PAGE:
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Old 02-23-2013, 09:29 AM   #15

2003 25' Classic
Zanadude Nebula , Milky Way
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Originally Posted by CanoeStream View Post
Not complicated enough yet? Heeding advice from jcanavera about concrete wicking oil content out of tires, I put 6 mil poly under the tires when I put the Safari away for the long winter months. And cover the tires when she's stored outside.

The most damaging condition....inactivity for extended periods.

Dear Tire Doctor,

Can storing a vehicle on concrete effect the tires? Should I put barriers like plastic or other non-porous material under the tires? How about the effects of continuous storage for several days at a time with use between storage periods?

Dear Len,

Thank you for contacting Bridgestone and allowing us to assist you.

First of all, regarding the effects of storage:

A cool, dry, sealed garage is your best condition for storage, however, it is realized that this is not often an available option. Concrete is not the tire enemy some people think it is.

We would recommend the following steps in storing a vehicle:

1. Make sure the floor / ground surface is free of any petroleum product contamination (Oil, grease, fuel, etc.) since petroleum products will attack rubber and can cause significant damage to compound characteristics.

2. Thoroughly clean your tires with soap and water.

3. Place a barrier such as plastic, cardboard, or plywood between the tires and the ground surface.

4. Cover your tires to block out direct sunlight and ultra violet rays.

5. Do not store the vehicle in close proximity to steam pipes, electrical generators or animal manure since these accelerate oxidation of the rubber.

6. Make sure your tires are fully inflated with air.

7. When the vehicle is ready to go back into service, inspect the tires for excessive cracking in both the sidewall and tread area and check all tire air pressures. Tires will normally lose about 2 PSI per month so you should expect to find the pressures lower than when you put the vehicle into storage. Re-inflate the tires to the correct air pressure before operation.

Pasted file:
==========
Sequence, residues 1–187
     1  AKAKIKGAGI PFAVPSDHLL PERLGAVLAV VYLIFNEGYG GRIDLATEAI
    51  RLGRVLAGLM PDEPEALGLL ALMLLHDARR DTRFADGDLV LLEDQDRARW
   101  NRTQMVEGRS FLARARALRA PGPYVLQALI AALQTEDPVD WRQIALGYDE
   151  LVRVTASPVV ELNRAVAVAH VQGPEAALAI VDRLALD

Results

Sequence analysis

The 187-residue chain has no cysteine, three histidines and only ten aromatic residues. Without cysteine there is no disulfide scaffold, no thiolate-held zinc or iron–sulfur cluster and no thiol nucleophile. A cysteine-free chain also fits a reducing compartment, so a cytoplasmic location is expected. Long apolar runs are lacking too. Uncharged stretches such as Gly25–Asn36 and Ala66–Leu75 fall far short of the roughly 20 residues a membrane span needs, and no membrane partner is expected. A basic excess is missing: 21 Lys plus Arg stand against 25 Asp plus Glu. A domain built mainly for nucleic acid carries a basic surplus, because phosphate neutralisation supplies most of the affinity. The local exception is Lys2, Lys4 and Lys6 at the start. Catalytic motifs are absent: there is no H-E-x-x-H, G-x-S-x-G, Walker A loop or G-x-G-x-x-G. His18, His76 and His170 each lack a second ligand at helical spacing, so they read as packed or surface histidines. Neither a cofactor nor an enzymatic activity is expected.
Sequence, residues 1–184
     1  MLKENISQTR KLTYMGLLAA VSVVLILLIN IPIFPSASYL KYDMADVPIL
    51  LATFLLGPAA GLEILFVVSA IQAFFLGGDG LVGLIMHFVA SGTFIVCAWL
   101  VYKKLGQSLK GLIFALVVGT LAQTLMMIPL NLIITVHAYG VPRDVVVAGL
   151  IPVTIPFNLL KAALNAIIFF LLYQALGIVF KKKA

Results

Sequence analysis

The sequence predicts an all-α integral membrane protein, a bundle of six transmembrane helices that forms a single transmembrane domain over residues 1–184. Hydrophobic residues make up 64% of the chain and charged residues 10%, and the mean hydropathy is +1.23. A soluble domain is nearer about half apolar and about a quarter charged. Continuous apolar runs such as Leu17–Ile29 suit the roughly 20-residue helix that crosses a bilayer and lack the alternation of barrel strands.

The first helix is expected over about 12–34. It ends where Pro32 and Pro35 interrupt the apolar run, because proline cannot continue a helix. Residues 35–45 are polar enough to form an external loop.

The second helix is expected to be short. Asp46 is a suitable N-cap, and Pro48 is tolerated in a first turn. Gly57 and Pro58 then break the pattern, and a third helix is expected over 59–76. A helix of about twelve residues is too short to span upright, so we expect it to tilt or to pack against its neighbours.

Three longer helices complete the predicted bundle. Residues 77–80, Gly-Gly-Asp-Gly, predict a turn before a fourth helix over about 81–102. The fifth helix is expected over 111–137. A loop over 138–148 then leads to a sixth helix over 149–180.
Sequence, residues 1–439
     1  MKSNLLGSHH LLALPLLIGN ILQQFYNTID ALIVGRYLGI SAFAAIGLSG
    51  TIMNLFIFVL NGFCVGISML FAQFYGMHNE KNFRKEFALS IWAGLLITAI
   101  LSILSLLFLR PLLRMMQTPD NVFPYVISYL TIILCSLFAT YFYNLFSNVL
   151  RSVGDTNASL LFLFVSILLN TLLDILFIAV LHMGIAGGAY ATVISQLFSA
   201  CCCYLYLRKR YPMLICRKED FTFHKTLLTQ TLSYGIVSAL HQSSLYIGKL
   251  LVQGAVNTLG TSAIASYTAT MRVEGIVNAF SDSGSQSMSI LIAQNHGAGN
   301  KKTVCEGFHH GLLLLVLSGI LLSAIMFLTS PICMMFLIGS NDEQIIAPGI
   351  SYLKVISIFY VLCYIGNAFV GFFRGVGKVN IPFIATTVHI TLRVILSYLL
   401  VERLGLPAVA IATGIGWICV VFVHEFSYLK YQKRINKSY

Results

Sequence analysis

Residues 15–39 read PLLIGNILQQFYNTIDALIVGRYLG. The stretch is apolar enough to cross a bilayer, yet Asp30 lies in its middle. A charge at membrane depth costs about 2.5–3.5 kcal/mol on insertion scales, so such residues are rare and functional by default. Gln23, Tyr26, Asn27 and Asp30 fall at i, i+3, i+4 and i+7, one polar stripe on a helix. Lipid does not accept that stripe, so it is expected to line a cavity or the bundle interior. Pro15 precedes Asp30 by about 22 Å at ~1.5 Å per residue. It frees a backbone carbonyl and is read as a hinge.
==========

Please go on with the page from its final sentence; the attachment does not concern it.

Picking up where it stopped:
Now, about the effects of time:

Yes, rubber compound does slowly change over time, becoming "harder" as it ages. But unless we are talking years, this would be virtually undetectable. However; the most likely effect of storage will be:

1. Flat spotting of the tires from taking a 'set' while sitting in one position for an extended length of time. This 'set' may work itself out of the tires after being put back into operation, but not always. This, of course, would result in a vibration.

2. Tires have waxes and oils specially formulated to protect against ozone damage built into their rubber compounds. When the tire rotates and flexes, these waxes and oils are forced to the tire's surface and are thus able to protect the tire. When a tire is stationary, these waxes and oils are not coming to the surface and thus the tire is at greater risk of ozone damage.

3. Several days of non-use at a time is not nearly as detrimental to tires as long storage periods. The tires would still be operated often enough to avoid excessive 'set' and the waxes and oils are being forced to the tire's surface often enough to provide adequate protection against ozone.

Best regards, Tire Doctor

POI...our tires come off for Winter storage.




Sandra wanted to go to Cleveland on vacation,
but Im the Husband, so we went to Cleveland. 😂

Its a crooked piece of time that we live in.
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Old 02-23-2013, 04:40 PM   #16
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Just another problem to be concerned about is mice tunneling through the grass to get to the Airstream without worrying about birds! I'm fortunate enough to have a 30' wide asphalt apron to park on - giving the local birds (---and cats) a 10' wide "kill zone" all around my Airstream. No mouse has dared to cross it yet!


2003 GMC 3500 D/A, CC, LB, 4x4 and 2000 Airstream Excella 30. WBCCI 7074
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Old 02-23-2013, 04:45 PM   #17
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Originally Posted by Cracker View Post
Just another problem to be concerned about is mice tunneling through the grass to get to the Airstream without worrying about birds! I'm fortunate enough to have a 30' wide asphalt apron to park on - giving the local birds (---and cats) a 10' wide "kill zone" all around my Airstream. No mouse has dared to cross it yet!
This is so true. See my AS registry for pics, but since my buddy rented me a spot on a retired concrete pig lot about 12 years ago, I have not had a mouse. To the right of the pic, there is a barn with a particularly good mousing, semi-wild cat.....and there are a lot of hawks in the woods nearby. Mice don't like to cross open concrete with no cover.


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